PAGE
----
January 3, 2013
In the week before Christmas we brought together a selection of Brussels’ trade policy community to discuss the EU’s future role and relevance in the in the global trade system. FH Brussels’ Senior Policy Advisor and former Counsellor at the Danish Permanent Representation, Martin Bresson took the chair on this provocative topic and invited representatives from both inside and outside of Europe to comment on whether the EU will continue to be a global trade leader, and more importantly, how this can be ensured.
Our speakers; Ms. Signe Ratso, Director for Trade Strategy and Analysis, as well as Market Access at the European Commission’s DG TRADE; Ms Carolyn Irving, Trade Counsellor at the Australian Mission to the EU; and Mr Luciano Mazza de Andrade, Head of Trade and Economic Section of the Brazilian Mission to the EU; first explored the EU’s current role and status as an important global trading partner.
While it was acknowledged that Europe has faced economic difficulties that could be seen as threatening to this status, we were reminded that the EU remains one of the largest and most diverse economies in the world, the largest importer of many global goods and services and an important source and destination for investment. Furthermore, the EU has the ambition and political capacity to push the free trade agenda – the success of the EU-Korea FTA being an important example, as well as numerous others in the pipeline which are projected to add over 2% to GDP and create more than 2 million jobs.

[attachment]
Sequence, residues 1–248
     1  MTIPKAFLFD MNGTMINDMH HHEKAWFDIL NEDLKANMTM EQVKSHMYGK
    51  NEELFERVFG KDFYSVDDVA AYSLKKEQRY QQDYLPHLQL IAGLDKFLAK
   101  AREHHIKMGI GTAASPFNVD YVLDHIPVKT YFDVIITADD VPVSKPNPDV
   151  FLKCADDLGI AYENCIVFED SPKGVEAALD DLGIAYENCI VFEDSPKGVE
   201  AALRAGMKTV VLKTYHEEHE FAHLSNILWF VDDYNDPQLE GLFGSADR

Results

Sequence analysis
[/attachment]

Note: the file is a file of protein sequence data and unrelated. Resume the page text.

Similarly, Europe’s trading partners around the table echoed the continuing relevance of the EU, insisting on symbiotic nature of trading partners – that each economy’s health is reliant on others.
However, challenges certainly remain that may be hampering the realisation of the full benefits of global trade. One concern was the complexity of the EU’s political structure and ambitious regulatory agenda, which can bring rigidity to trade processes and positions. A further specific example is Europe’s protective position on agricultural markets; a topic that it was humorously noted is often ‘politely ignored’ in trade discussions. Challenges for business focused on more detailed issues; namely the enforcement of FTAs once implemented and regulatory cooperation with trading partners to increase business certainty.
Despite the challenges of the EU’s complex institution structure and politics the resounding message was that the EU continues to be more than the sum of its (27) parts and has a role, if not an obligation, to continue leading on the global trade agenda. That being said, it will be necessary for the EU not to lose sight of the details which can trip up trade even in the context of the broadest and most comprehensive FTA.